This morning begins with an Old Testament passage from 2 Kings 4:1-7; the widow with the jar of oil. Pastor Casey notes that at times, we can get distracted from what God has called us to because of loss. The widow is definitely struggling with loss- her husband is dead; she is in debt; her sons are headed for slavery. In verse 2, Elisha asks a question that seems odd to us. “What shall I do for you?” What do you have?” Perhaps we need to stop and consider, what do I really need, on what level? And, what do I have?
The widow mentioned she had a jar of oil. Oil speaks of anointing, empowerment for the place we are and the work we are called to do. Pastor Casey notes that God has given us all we need to live where He has placed us. II Peter 1:3 “as His divine power has given to us all things that pertain to life and godliness…”. The widow was told to gather many vessels. As the widow obeyed the prophet, she began to pour the oil into vessel after vessel. The more vessels we show up with, the more anointing is going to flow. God will pour his anointing into our life as we make ourselves available. There is always more!
We can limit what God wants to do in our life based on our experience. But we are not just the product of experience but of grace. There is more! God has more oil than we have vessels. More anointing for our life than we’ve walked in yet. I Corinthians 2:9 “Eye has not seen, nor ear heard, nor have entered into the heart of man the things which god has prepared for those who love Him.”
Pastor, Casey goes on to encourage us from Proverbs 30:16. If we would never say enough, how much more of God could we experience? There is more grace for our husband/wife-more anointing to reach people-more capacity to hold the things of God…
Listen and be encouraged. Wherever you find yourself today, God has more for you.
Scripturereference: II Kings 4:1-7; II Peter 1:3; I Corinthians 2:9; Proverbs 30:16
Pastor Casey revisits a scripture from a few weeks back, Psalm 84:6a “As they pass through the Valley of Baca, they make it a spring;” He goes back to verse 1 and begins to walk through this psalm for us today. In the first verse he points out that we are the house of God. What is on the inside of us makes us lovely, being filled with the glory of God. As he moves on to verse 2, he takes some time to develop the thought process of how our soul (mind, will and emotions) yearns to be near God. More amazing, is the idea of how can our flesh cry out for God, when Galatians tells us that flesh is at enmity with God?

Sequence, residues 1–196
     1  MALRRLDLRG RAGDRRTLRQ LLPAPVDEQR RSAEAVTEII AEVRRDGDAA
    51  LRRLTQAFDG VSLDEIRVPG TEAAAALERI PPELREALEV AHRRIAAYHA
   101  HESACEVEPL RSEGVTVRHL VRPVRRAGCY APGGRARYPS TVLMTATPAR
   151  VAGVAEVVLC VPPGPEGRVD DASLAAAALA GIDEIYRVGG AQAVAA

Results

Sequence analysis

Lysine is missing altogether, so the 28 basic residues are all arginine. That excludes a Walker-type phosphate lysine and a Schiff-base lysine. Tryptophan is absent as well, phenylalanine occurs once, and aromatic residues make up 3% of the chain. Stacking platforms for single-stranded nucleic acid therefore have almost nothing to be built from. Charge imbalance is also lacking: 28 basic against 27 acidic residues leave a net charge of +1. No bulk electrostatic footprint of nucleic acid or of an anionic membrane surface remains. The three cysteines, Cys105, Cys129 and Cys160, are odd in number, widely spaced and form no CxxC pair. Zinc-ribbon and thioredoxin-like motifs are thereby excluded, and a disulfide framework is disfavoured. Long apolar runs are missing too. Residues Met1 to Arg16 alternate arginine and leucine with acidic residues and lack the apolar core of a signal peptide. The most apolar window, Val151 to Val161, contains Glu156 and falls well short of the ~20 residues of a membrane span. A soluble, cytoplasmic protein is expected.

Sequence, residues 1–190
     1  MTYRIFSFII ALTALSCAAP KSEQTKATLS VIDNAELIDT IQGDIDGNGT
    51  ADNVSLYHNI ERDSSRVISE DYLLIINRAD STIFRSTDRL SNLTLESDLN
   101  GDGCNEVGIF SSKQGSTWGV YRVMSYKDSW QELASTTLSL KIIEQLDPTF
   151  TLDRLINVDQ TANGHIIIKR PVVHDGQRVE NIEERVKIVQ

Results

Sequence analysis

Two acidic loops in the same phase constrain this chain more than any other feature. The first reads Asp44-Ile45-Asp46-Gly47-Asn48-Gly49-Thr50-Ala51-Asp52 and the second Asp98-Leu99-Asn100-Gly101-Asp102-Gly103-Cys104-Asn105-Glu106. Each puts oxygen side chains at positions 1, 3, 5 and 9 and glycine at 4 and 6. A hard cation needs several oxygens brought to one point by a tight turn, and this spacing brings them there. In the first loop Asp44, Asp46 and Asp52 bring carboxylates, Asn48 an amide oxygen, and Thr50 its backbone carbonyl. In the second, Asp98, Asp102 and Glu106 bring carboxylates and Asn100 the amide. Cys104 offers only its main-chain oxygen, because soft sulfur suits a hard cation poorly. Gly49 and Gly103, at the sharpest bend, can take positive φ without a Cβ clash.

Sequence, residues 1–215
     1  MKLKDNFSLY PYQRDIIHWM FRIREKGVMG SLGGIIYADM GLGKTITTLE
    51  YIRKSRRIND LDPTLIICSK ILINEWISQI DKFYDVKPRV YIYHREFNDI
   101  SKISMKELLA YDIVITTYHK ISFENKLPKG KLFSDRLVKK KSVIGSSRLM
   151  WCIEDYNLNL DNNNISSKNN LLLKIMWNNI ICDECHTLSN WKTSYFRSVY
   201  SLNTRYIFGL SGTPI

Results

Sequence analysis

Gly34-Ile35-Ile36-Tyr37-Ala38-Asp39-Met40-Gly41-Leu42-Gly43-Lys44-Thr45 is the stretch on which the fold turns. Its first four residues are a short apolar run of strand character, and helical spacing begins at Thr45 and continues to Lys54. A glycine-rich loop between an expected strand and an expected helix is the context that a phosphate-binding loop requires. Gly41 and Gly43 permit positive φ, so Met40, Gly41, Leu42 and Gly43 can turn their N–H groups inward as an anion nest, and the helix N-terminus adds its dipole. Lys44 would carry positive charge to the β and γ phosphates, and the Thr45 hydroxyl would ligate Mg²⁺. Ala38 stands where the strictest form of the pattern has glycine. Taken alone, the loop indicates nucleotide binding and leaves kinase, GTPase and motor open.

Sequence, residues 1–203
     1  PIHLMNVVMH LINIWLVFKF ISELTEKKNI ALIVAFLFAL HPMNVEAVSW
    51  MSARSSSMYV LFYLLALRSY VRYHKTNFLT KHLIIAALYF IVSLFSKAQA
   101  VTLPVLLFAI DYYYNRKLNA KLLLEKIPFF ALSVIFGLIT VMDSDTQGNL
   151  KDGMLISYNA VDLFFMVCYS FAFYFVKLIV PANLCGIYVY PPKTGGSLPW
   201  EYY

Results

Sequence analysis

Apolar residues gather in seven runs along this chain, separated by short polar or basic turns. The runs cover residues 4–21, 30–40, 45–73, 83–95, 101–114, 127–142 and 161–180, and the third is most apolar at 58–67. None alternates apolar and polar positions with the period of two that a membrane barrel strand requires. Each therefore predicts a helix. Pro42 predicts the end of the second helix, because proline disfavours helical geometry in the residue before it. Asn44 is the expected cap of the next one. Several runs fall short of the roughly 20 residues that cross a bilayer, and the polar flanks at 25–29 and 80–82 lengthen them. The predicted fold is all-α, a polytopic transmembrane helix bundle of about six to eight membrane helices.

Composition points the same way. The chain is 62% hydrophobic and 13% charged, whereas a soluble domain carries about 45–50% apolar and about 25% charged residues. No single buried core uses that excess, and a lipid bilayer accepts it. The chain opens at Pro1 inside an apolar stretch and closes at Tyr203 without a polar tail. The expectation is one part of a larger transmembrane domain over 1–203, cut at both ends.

We see in Galatians 5:16-18, that if we are led by the Spirit we will not fulfill the lusts of the flesh and we are not under the law. Pastor Casey points out that we are under the law of the Spirit of Life in Christ Jesus not the law of sin and death as noted in Romans 8. Our flesh desiring God begins with an act of will-then a choice to walk toward God-our flesh follows. So yes, (v.2) my soul and my flesh, can cry out for God. We do have a choice based on our will to serve God, or not.
Pastor continues moving through verses three through six, elaborating on the young, the altars, dwelling, praising, strength, pilgrimage and finally wells. He encourages us to live as near the altar as we can get; bring forth the young/next generation to follow God; dwell in God; know that God is our strength; set our hearts to be near; and build the wells that bring refreshing. When we find ourselves in the Valley of Baca, we can sit and weep, or dig a well.
Pastor Casey begins by sharing that a cut down tree often appears dead yet the scripture says at the scent of water, it could sprout again. Casey reminds us that often in the scripture water is symbolic of the Holy Spirit. The Spirit may speak to us in different ways/languages, as water comes in different forms-dew; mist; oceans; rivers; wells… When we think God only speaks to us one way, we may be missing or not recognizing where we are or what God is speaking to us. We love it when God pours out His Spirit in our lives, but we can’t just chase and live under rain clouds. We may be in the Valley of Baca, Psalm 84:6, a place of weeping or bitterness, a hard place- a place we want to get out of- but it is a place to dig a well and bring forth water.
A well is not seasonal water, it is consistent, reliable. We need wells for the dry dusty seasons. Each of us needs to make our life a well. Pastor Casey encourages us to dig deep in God. Digging a well is hard work; removing dirt-digging things our of our life like misguided ideas. We must use faith to dig for water, to believe something is there when we cannot see it. Much of the digging is done in the dark, in the places that no one sees. Yet, it makes a great difference in our lives and our families when we dig deep in God.
Symbolically wells are generational blessings. We see this in the Old Testament as wells were passed down to sons and grandsons and on and on. Will our children inherit the same old enemies we never bothered to defeat (struggle in the valleys in which we never dug a well,) or rejoice in the victories/refreshing wells that we labored over? In the end, we see Job didn’t have the whole picture. In the New Testament we see God’s promise of our old life passing away, dying in Christ, becoming new in Christ and finally in Ephesians 3:14-21, we must be rooted and grounded in God’s love.